Paolo Monella Classical Association Conference 2011, Durham

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At this conference, on 18 April 2011, I delivered a paper entitled Authorship acknowledgement in Ovid and Martial, or how to rethink copyright in the Digital Age:


For centuries, through the Modern and Contemporary Ages, writers have been gaining support through copyright, that is through tight control over the reproduction of the text's physical support. In the Digital Age, such control becomes less and less feasible. This encourages us to reshape the connection between authorship and material support.

A contribution to the debate on this issue may come from an analysis of the framework established, long before the Gutenberg Age, in the sophisticated literary world of the Roman Empire. Ovid's exile poems and Martial's Epigrams offer an extraordinary insight into the relations between literary production, textual diffusion, patronage and the author's material support in their age. In both cases such relations are exposed and discussed because they are endangered: Ovid's prestige is undercut by banishment; Martial's authorship by plagiarism. The banished Ovid evokes his ties with the emperor, his influential friends and patrons, and the wider Roman audience, in the hope that this may help him to regain his political and social status. Martial struggles to make a living and possibly a career through the books market and public declamations.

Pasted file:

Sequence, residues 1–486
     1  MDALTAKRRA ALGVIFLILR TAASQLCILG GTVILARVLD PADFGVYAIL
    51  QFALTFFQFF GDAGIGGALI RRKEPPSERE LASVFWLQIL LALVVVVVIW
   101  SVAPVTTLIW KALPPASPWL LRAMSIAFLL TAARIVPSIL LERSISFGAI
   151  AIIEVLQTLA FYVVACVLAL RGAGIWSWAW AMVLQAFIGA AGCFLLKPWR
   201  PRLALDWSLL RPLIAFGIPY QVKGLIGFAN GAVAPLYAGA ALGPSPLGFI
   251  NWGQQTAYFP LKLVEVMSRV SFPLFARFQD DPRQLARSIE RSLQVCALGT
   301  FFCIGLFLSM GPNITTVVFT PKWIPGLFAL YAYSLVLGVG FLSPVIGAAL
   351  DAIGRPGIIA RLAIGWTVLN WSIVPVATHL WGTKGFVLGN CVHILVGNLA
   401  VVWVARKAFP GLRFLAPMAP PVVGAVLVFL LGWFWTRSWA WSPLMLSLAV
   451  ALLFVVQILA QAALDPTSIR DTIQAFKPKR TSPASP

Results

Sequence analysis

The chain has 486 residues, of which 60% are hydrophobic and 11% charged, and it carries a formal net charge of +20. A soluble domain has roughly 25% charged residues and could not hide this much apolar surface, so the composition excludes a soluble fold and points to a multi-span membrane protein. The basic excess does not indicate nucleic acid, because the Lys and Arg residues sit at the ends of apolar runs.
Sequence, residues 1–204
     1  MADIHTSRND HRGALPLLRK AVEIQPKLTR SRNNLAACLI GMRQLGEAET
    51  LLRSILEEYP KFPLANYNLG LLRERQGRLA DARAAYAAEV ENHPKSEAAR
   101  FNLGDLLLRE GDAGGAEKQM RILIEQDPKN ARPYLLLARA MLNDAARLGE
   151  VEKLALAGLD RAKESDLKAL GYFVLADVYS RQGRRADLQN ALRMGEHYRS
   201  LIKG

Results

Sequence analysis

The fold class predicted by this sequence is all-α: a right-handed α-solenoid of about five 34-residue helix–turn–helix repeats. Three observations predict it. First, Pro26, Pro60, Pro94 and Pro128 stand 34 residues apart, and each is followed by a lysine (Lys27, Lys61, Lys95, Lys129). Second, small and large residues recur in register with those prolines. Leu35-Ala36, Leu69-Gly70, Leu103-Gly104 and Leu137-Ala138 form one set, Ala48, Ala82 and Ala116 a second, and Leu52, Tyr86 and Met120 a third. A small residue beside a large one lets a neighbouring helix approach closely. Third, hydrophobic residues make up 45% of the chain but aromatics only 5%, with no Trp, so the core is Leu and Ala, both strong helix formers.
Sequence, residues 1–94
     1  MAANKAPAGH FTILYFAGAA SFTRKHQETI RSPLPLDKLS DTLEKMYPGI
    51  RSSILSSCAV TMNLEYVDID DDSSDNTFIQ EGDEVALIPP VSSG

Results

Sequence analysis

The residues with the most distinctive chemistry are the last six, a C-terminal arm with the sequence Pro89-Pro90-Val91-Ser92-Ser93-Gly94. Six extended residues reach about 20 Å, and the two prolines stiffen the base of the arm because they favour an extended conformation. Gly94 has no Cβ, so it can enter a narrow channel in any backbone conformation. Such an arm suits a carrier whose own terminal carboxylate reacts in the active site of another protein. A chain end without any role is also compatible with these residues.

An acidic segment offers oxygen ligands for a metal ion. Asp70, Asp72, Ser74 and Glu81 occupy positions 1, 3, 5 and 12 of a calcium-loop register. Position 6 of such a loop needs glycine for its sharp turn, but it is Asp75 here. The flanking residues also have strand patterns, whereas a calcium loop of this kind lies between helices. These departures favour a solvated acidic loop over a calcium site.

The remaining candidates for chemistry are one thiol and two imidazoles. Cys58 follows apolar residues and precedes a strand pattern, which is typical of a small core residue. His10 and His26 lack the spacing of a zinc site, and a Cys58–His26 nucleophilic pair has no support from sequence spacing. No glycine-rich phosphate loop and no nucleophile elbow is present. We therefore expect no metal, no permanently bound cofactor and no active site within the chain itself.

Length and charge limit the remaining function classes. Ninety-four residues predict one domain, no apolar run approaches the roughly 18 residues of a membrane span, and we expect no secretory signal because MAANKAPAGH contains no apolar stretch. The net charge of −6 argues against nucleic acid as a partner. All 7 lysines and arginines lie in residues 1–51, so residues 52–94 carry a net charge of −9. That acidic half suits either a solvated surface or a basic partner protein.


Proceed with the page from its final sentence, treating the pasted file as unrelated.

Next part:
The model that they shed light on is based on authorship acknowledgment, literary prestige gained through wide textual circulation, exploitation of public performances, aristocratic and imperial patronage. This model is particularly interesting in view of the possible digital scenarios where authorship is acknowledged, while dissemination of the textual resource is fostered. Examples include the many forms of on line texts publication (spanning from large news portals to thematic web sites and blogs), as well as Open Access diffusion of scholarly research.

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